Sunday, August 12, 2007

Comprehensive list of all the bizarre foods I have encountered in Japan

I thought that this might interest some of you, or maybe make your stomach turn.

Sashimi: sliced raw fish. not really that weird, since you can get this in the states, but I'm starting small. This also includes octopus, squid and clams

Ikura: Raw salmon eggs. Yuk.

Hot Sake with Fish: Already mentioned in previous post.

Sea Lantern: Some sort of urchin like thing that tastes like ocean water

Jellyfish: Texture is what you would expect, chewy. Technically not Japanese food since I had it at a Taiwanese place. Pretty tasty actually.

Chicken cartilage: You know when you eat a drumstick, theres that chewy stuff around the joint. They put that on a skewer and serve it as yakitori here. I'm not wild about it.

Raw egg over Japanese sweet potato: Raw egg is slimy. The sweet potatoes here are slimy. What's not to love?

Fermented bonito flakes: Bonito is a type of fish. They ferment it with a fungus that dries it out and allows it to remain edible for a long time. Looks like the shavings you put in a hamster cage, tastes pretty good.

Natto: Fermented soybeans. Eaten for breakfast with mustard and onions. Taste depends on where it is from.

Grilled pregnant fish: I can't remember the name of these right now, but they look kinda like sardines, except they are full of eggs. When served you get the entire fish; head, tail and all.

Sea snake: not so great

Tripe stew: Also available in the states. However the weirdness was accentuated by having it for breakfast.

Onsen egg: An egg, cooked in hot water direct from the earth. In theory this is an appealing idea. In practice, it isn't that far away from a raw egg. I can't stand to have my omelette runny, so I am not impressed in the least.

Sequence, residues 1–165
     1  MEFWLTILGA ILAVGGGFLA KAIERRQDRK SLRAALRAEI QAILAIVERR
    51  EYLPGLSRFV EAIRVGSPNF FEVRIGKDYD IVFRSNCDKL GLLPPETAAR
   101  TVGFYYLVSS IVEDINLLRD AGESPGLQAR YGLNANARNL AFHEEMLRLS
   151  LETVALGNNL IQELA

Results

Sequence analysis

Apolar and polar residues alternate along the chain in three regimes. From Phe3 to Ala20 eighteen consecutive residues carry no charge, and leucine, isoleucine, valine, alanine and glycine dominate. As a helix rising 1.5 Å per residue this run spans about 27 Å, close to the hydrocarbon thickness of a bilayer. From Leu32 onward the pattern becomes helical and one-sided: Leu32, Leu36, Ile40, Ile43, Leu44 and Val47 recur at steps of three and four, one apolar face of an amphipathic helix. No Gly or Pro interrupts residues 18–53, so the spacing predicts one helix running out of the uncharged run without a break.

Lichen wrapped sushi: Not sure of the species, I think that it's a Leptogium, but definately some sort of cyanolichen. This was also served by itself as a side dish with a sesame sauce. Good.

Dried seafoods of various kinds: Popular as snack foods here.

I had the next four things all at one sitting while at an izakaya (Japanese style bar) in Kyoto.

Extremely fresh shellfish of some sort: One of the pieces contracted when I touched it with my chopsticks. Kinda chewy.

Fried crocodile: Not sure what else it tastes like, or why they were serving it for that matter. I guess because they can.

Frog legs: It really does taste like chicken.

And the winner for weirdest Japanese food....

Raw horse meat: It's served frozen. You dip it in soysauce with ginger and garlic. Pretty good, although it feels a little weird to admit that. It's going to be hard to say "I'm a vegetarian" when I get back to the states, although I do plan to resume that practice. They put meat in just about everything here, and I am a little tired of it.

For the record, I was offered and turned down whale at this izakaya by my host in Kyoto. I have a line that I won't cross, and that is it. Primates are also on the same side, as well as anything else that could potentially be an endangered species. I asked to see where whale was on the menu, so that I would know the kanji for future reference. It wasn't on the menu. You have to be able to ask for it. This is a highly political issue, and I suspect that maybe they shouldn't have been serving that particular item.

So there you have it. My adventures in Japanese food. Somehow, non of this has given me any sort of upset stomache. Although after the izakaya experience, I thought that I might. Probably more a psychological thing than effect of any food that I ate.


Marieke said...

Indeed, fascinating. Good for you for having an adventuresome palate for this trip. It might make going back to veggie all that more satisfying! Any foods you're going to miss when you get back to the States?

Ry said...

It's not so much any one type of food that I am going to miss, so much as the way the meals get presented at some of the ryokan and hostels I've stayed at. They give you lots of little side dishes with everything, so each meal is it's own buffet. I love it.